I’m a lucky guy, I’ve reviewed most of the world’s state-of-the-art headphones, and they’re all big, head hugging over-the-ear designs from the likes of AKG, Audeze, Beyerdynamic, Grado, Hifiman, Sennheiser, and Stax. The Abyss AB-1266 is the biggest headphone I’ve ever worn, and the best-sounding headphone I’ve had a long-term relationship with.
Then last year I reviewed a new, much smaller Abyss headphone, Diana, and while it was awfully good, it wasn’t in the league of those aforementioned very best full-size headphones. Close, but no cigar.
Abyss is an upstart headphone maker rapidly advancing the state of the art, so now there’s a second Diana: the Diana Phi. It looks the same, but the Diana Phi’s insides are different. It features a new version of the mighty AB-1266 Phi’s driver, and the sound tuning has been refined.
The Diana Phi’s handmade, real leather ear pads are larger and a different shape than the original, still-in-production Diana’s. To cut to the chase, the new Diana Phi is the smallest ultra-high-end planar magnetic headphone I’ve ever tested (not counting the Audeze LCDi4, but that’s an in-ear model).
Diana Phi’s impedance is rated at 32 ohms. Its very flexible cable is five feet long, and it’s fitted with a standard 3.5 mm stereo plug and a 6.3mm adapter, or a 2.5mm, four-pin XLR, or 4.4mm balanced plug. The headphone weighs 12.3 ounces and comes with a beautifully finished canvas carry bag.
Abyss headphones and their drivers are all designed, machined, finished, and hand-assembled in their Lancaster, New York factory. The Diana is $2,995, Diana Phi is $3,995, and the AB-1266, now called the AB 1266 Phi TC, is $4,995.
They look alike, but what about the sound? Well, both are highly transparent and pure, and the bass is deep with excellent control. Original Diana is no slouch, but switching over to Diana Phi, the sound is more vivid, the soundstage expands, and it’s more clearly focused. Thanks to the new larger ear pads, I found the new Diana a little more comfortable over long listening sessions. Owners of original Dianas can upgrade to the new pads, which run $175 a pair.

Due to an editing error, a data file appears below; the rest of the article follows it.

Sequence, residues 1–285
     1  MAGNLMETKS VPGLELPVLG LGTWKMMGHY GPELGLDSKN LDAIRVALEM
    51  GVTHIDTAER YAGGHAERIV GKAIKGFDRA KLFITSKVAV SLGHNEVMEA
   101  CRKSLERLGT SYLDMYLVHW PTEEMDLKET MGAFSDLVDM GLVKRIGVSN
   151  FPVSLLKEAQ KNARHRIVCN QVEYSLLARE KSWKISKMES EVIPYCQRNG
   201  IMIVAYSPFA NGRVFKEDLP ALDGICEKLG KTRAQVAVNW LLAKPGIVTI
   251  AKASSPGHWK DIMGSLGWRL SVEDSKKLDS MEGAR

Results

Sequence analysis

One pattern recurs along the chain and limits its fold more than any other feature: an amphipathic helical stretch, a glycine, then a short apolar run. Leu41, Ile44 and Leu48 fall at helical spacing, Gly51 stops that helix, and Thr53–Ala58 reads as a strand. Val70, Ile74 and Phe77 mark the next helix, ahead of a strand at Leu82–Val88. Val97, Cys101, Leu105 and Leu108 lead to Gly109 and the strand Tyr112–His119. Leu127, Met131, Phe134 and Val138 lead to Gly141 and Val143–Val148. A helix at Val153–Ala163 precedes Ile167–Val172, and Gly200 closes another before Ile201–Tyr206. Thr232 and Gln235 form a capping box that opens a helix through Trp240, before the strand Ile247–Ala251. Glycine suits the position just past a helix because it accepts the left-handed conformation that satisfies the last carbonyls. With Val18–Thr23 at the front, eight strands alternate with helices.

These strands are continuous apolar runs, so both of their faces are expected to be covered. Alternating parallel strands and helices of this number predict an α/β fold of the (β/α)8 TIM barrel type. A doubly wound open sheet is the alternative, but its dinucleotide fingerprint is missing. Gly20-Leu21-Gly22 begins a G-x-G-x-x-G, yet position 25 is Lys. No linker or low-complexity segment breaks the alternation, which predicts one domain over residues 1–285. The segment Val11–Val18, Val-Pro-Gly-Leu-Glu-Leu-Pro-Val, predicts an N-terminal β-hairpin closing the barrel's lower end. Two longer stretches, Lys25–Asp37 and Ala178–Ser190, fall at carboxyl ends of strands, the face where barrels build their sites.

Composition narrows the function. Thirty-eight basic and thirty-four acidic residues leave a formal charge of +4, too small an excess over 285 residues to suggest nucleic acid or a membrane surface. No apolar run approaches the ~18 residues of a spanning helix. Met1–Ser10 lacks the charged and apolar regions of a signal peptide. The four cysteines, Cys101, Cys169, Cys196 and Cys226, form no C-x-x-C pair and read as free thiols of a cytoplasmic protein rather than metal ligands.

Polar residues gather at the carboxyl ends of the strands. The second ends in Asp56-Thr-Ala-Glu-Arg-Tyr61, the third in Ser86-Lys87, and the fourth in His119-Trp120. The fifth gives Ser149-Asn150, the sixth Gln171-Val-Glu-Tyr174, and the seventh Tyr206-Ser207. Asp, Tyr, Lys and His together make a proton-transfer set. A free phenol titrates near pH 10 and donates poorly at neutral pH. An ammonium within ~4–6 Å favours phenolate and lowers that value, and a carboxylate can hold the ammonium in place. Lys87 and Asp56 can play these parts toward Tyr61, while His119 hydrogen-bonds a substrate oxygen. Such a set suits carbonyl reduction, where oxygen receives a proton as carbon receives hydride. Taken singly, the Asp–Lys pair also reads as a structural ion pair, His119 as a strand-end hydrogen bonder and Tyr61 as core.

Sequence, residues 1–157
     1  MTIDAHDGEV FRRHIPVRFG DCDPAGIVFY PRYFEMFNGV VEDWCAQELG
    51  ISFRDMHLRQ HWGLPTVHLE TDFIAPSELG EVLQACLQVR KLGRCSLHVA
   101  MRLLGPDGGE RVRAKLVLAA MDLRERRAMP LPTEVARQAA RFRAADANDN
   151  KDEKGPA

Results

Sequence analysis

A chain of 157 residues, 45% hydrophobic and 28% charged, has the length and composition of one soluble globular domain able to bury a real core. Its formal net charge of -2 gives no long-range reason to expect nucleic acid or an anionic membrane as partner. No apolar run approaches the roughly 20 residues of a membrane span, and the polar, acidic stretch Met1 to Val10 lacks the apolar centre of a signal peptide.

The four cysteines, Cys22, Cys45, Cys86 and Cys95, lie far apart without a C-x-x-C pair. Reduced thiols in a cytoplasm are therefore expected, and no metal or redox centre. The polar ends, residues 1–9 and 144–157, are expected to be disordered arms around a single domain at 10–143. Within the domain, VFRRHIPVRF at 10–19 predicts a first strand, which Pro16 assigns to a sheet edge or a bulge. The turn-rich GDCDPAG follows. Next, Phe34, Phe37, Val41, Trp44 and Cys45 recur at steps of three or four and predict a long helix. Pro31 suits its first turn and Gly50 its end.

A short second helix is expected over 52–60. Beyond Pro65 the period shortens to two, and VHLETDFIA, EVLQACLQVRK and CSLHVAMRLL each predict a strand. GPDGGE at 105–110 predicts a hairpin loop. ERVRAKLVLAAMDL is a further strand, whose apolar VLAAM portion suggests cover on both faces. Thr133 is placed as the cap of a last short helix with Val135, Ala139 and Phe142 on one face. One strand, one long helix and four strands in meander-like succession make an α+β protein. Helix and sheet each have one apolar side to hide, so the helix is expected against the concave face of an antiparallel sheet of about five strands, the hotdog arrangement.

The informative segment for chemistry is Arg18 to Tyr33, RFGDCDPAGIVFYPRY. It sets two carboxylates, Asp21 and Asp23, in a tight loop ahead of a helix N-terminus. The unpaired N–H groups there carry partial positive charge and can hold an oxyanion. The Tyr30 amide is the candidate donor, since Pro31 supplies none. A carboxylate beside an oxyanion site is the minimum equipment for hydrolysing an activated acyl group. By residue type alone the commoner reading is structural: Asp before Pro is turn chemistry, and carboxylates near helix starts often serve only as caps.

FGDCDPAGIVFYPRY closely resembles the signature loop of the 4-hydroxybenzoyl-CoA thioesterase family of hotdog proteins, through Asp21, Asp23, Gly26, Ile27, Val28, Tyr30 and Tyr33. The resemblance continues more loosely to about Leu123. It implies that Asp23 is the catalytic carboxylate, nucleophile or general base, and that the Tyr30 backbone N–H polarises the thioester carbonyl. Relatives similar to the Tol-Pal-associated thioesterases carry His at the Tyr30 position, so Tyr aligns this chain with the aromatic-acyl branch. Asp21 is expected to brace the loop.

The Diana Phi sound is more incisive, so I could more clearly hear how George Harrison was “bending” his vocals on Within You Without You from the latest high-resolution Beatles Sgt. Peppers album. I never before noticed the extent that he was mimicking the sitars’ sounds. Harrison never sang like that again.
On Paul Simon’s So Beautiful or So What? album, the instruments, especially the percussionists, were more cleanly separated and distinct from each other. It sounds like a better mix over the Diana Phi.
I was spellbound by Chan Marshall’s sultry vocals on her latest Cat Power album, Wanderer, with a set of Audeze LCD MX4 headphones. The sound balance was warmer, mid bass was richer, the music was more “organic” than what was coming from the Diana Phi. The MX4 was my Headphone of the Year in 2018, but switching over to the Diana Phi, Marshall’s vocals came through with more presence — I felt like I was at the session. Thanks to the Diana Phi’s superior dynamic punch, the music sounded more alive; cymbals sounded airier and more detailed. The MX4 was more relaxed — it took the energy down peg or two. Both headphones have very potent, cleanly defined low bass.
The MX4 does have one clear-cut advantage over the Diana Phi: the MX4′s higher sensitivity makes it a much better match to portable, battery-powered music players and phones. The Diana Phi does its best at home with the Mytek Brooklyn, Pass Labs HPA-1, and best of all, the Luxman P-750u headphone amp.
The extreme high-end headphone market is getting mighty crowded, but near as I can tell, the Abyss Diana Phi doesn’t have a direct competitor. Nothing this small sounds this good!
As for the really large Abyss AB-1266 Phi TC, it’s still the one to get for headphone buyers craving the very best.
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Post time: May-15-2019